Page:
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What effect do beverages have on developing diabetes? - International Scientific Forum on Alcohol Research Critique 230

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Of all lifestyle factors that relate to health and disease, probably the most difficult ones to evaluate are dietary factors, including foods, nutrients and beverages.

The latest critique from The ISFAR considers research into the effect of dietary factors on the incidence of diabetes

The latest critique from The ISFAR considers research into the effect of dietary factors on the incidence of diabetes

A recent research paper consists of a meta-analysis - an 'umbrella' analysis - based on 53 previous meta-analyses from prospective cohort observational studies. This analysis includes 153 adjusted summary hazard ratios on dietary behaviours or diet quality indices, food groups and foods, beverages, alcoholic beverages, macronutrients and micronutrients related to the incidence of type 2 diabetes.

Data from previous meta-analyses on very few foods or nutrients are adequate to clearly determine their effects, but among those that have been identified as reducing the risk of diabetes, high-quality evidence was found only for whole grains, cereal fibre and alcohol. As for dietary factors that have strong evidence of increasing the risk of diabetes, the authors of the paper identify only red meat, processed meat, bacon and sugar-sweetened beverages.   

ISFAR members considered this to be a well-done, appropriate analysis in a paper that summarises well the current scientific literature. Some members were concerned about the number of assumptions that scientists must make when doing a simple meta-analysis, especially when attempting an umbrella one; they consider it key to also evaluate single, large prospective studies where adjustments for many confounding socio-economic factors are less likely to be important.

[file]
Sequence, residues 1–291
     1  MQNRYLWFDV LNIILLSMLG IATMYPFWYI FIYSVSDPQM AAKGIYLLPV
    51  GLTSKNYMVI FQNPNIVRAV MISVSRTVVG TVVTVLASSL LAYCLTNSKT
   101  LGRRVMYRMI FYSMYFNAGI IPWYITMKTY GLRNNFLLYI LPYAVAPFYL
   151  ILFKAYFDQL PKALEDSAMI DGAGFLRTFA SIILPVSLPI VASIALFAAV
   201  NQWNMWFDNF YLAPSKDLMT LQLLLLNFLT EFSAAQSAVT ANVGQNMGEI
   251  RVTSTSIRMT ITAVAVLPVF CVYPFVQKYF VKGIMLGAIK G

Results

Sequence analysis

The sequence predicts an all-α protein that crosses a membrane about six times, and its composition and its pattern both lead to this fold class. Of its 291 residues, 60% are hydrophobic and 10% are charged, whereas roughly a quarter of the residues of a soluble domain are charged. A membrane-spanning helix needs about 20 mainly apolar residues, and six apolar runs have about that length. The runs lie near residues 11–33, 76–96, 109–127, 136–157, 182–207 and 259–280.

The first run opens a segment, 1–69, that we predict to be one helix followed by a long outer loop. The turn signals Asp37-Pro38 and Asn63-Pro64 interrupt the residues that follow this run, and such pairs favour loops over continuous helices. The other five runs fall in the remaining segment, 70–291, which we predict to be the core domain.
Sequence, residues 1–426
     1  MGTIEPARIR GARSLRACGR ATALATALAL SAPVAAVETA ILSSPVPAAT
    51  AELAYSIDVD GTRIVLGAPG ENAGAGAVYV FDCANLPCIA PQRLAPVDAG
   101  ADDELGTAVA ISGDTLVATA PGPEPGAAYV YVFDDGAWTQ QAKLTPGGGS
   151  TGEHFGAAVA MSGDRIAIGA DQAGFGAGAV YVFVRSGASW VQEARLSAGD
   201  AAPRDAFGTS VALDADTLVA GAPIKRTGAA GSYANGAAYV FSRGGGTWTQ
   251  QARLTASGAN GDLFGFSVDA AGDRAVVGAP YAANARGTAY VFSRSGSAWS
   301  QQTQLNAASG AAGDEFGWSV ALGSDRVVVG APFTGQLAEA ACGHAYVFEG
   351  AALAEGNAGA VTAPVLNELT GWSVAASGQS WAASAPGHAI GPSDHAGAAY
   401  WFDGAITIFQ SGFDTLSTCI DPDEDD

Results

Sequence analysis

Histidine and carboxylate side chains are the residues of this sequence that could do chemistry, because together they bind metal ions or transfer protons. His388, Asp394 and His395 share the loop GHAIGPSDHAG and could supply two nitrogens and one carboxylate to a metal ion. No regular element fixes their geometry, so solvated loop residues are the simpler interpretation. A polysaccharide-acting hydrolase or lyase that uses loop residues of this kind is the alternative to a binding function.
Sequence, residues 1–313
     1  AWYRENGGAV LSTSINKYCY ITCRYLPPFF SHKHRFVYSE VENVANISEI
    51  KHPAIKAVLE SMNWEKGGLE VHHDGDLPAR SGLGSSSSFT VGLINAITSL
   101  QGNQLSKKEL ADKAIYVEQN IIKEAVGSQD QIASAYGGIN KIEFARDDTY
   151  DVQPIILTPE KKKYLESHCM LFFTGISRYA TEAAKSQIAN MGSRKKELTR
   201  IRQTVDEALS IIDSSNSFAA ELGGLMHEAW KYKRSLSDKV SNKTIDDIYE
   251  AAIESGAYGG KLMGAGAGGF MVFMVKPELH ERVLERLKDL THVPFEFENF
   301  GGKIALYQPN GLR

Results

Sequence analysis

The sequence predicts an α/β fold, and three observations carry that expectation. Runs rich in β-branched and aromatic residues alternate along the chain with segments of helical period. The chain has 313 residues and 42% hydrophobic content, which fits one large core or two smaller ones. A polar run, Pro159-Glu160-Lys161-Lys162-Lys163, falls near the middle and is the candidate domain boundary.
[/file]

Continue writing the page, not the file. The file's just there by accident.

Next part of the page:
Overall, the results of the research strongly support most of the findings of previous meta-analyses and umbrella analyses and indicate only a few dietary factors for which "high-quality" evidence exists for an association with the risk of developing diabetes.

The clearest evidence from the analyses in this paper, which was based only on prospective cohort studies, is that cereal grains and moderate alcohol lower the risk, while meats and sugar-sweetened beverages increase the risk of diabetes.

Given the complexity of evaluating dietary factors for their relation to disease outcomes, it would be useful for future studies to attempt to measure a multitude of foods, beverages, nutrients and eating patterns, preferably over time, to evaluate further the association with disease.

For now, current evidence suggests that cereals, grains, and moderate alcohol (that decrease risk) and meat and sugar-sweetened beverages (that increase risk) have the most consistent data for a relation to subsequent diabetes mellitus.

To read the full critique, click here.

These critiques are published with the permission of The International Scientific Forum on Alcohol Research.

Click here for all of the critiques from the International Scientific Forum on Alcohol Research


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